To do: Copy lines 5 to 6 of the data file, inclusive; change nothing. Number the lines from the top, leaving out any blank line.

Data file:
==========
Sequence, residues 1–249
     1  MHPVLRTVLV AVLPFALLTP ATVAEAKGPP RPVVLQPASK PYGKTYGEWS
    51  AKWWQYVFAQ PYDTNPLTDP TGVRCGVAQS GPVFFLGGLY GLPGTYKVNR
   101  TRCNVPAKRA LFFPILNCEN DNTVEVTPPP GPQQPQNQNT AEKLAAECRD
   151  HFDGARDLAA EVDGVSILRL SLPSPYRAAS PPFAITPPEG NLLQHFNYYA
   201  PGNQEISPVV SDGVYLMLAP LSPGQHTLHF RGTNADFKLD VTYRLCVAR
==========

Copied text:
   151  HFDGARDLAA EVDGVSILRL SLPSPYRAAS PPFAITPPEG NLLQHFNYYA
   201  PGNQEISPVV SDGVYLMLAP LSPGQHTLHF RGTNADFKLD VTYRLCVAR